The course is meant to help you identify how you can develop your own daily practice of creating…it’s meant to inspire that creative impetus rather than tell you exactly how to do it. It’s about being inspired to do your own thing; follow your own path; taking away the pressure of having ‘clickable’ content, and by the end of the course I would hope that you would feel more confident about your own ways of seeing and doing or at least have a firmer starting point. I will encourage you to also start a personal project which will serve as a spark and act as an anchor, or even a hobby, for much more work to come.Week 1:
Introduction to a Way of Working
One of the main elements of how we will work is to focus on deep observation and hopefully slightly alter or shift your way of seeing and looking at things.
I will try and help you increase your sense and recognition of natural symmetry, colour coordination and composition.
I will steer clear of ‘styling’ and too much considered manipulation which can definitely create a sense of beauty but often lacks a deeper meaning or atmosphere.
We will cover aesthetics of texture, how important it is not to overlook it and how useful considering the Japanese aesthetic of wabi sabi can be.
We will focus on colour and how to develop a greater sense of the life of colours as well as learning how to identify and sense them in far more places than you thought. We will forage for domestic colours, look at colour wheels as well as noting how natural lighting can aslo impact on colour.WEEK 4:
Mood and Atmosphere
We will look at how we can add a further sense of atmosphere into your images…trying to enhance the way you ‘feel’ about something and how that leads onto the way you develop your editing skills. I will also create tutorials for making a very simple film and stop frame animation. WEEk 5:
Having focused on detailed elements in the previous weeks, we will now look at composition, focusing on a natural, organic style which I personally use, as well as some universal tips for points of focus, symmetry and asymmetry etc. WEEK 6:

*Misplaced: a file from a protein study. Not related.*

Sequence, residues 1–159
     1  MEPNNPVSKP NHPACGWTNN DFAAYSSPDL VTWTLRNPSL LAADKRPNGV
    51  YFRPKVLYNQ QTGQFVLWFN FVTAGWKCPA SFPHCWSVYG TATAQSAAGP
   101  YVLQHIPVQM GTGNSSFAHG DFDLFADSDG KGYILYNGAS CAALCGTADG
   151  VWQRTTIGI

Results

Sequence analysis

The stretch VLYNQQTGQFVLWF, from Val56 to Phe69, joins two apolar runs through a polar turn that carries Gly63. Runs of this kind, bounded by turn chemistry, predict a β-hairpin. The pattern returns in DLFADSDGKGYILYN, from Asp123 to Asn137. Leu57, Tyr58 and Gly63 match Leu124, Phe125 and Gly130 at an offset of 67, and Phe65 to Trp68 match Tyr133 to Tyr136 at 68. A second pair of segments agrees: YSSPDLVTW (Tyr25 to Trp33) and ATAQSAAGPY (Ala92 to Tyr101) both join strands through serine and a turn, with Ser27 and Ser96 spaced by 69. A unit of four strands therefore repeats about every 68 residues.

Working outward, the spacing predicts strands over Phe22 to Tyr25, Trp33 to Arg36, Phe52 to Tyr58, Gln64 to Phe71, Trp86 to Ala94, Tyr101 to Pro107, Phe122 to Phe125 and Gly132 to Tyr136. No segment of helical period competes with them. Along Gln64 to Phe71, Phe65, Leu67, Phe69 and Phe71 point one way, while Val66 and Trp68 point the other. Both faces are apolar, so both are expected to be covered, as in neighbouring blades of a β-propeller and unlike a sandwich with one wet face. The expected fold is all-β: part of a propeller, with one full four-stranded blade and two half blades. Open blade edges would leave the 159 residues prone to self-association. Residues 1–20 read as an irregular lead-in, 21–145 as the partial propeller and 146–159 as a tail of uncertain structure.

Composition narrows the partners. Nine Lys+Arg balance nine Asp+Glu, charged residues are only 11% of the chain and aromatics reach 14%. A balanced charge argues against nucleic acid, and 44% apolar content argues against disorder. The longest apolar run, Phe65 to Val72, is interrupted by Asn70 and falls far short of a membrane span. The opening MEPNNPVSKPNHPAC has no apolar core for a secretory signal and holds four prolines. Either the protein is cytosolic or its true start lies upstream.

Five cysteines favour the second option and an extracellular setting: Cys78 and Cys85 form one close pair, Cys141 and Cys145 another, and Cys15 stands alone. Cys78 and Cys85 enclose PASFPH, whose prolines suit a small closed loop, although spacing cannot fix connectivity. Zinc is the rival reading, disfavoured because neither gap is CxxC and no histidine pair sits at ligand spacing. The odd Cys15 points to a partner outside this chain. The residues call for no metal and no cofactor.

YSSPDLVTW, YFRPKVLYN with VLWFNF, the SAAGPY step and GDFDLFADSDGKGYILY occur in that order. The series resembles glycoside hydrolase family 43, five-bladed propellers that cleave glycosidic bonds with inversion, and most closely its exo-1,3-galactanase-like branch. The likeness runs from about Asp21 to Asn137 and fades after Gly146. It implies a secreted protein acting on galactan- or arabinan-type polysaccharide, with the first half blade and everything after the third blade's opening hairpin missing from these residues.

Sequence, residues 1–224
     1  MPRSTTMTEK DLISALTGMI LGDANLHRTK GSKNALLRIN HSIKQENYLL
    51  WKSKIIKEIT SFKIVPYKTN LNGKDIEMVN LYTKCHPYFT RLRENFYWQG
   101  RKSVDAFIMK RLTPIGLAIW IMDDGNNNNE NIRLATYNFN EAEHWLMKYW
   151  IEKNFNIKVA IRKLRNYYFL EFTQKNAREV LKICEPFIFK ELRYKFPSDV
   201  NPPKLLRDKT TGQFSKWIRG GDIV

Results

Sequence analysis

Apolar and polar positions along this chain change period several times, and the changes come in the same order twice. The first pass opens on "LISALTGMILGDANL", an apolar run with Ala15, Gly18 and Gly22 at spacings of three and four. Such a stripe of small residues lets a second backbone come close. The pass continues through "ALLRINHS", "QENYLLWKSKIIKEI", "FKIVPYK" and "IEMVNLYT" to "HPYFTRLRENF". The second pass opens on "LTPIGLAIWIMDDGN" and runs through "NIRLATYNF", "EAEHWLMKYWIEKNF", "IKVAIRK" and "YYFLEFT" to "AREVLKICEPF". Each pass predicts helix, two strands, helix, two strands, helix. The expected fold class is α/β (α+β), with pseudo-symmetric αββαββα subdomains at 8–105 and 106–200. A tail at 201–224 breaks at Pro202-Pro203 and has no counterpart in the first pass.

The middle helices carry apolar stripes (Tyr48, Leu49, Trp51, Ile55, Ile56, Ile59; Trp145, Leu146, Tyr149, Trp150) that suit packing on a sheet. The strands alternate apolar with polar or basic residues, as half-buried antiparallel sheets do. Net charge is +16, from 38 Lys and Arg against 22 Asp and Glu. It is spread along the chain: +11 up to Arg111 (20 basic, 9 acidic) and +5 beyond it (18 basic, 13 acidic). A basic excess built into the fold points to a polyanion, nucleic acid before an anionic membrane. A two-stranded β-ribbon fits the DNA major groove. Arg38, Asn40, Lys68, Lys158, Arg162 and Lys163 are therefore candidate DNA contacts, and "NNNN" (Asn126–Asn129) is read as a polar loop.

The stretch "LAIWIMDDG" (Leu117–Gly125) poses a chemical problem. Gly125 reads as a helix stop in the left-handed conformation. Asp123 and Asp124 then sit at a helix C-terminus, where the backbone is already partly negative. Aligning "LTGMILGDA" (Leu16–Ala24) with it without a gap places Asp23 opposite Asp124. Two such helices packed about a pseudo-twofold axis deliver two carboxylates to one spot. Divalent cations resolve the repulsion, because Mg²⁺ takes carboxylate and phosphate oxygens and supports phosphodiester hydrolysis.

Conclusion, continuing practice, re-cap and play
We’ll talk about everything we’ve covered over the last 5 weeks and work out which ones feel more natural or easy, which ones perhaps need more attention, which make you feel happy and which maybe make you feel at a loss. It’s important to feel that you will be able to carry on experimenting and being open, so starting a personal project in this last week will definitely be a benefit to developing your continuing practice.
I will work out a loose worksheet which you can print out as a creative stimulus and hopefully you will feel more equipped to create a continuing creative visual sense or response to who you are and how you see the world around you.Before the course begins I will provide you with a list of useful editing apps which I personally use, and each week I will suggest other inspirational Instagram accounts, artists, books and films which you may find interesting, helpful and relevant to the week’s topic.
I love working with other people and seeing how a collective of ideas and creativity can be so inspiring and motivating, so really look forward to meeting you if this course sounds like it’s your cup of tea…
You can buy your place in my online shop here but please do e-mail me at firstname.lastname@example.org if you are interested in taking a place as I will then send you an Earlybird registration discount code which will last until 1st September.
Looking forward to meeting some of you soon!
I just had to write a quick post as I can’t bear throwing these dahlias away; I find their beautiful decay just as alluring and inspiring as when I first put them on the table over a week ago…I’ve loved watching their journey and I may well keep them just a bit longer…in the shed though, as other people at home don’t seem quite as enamoured!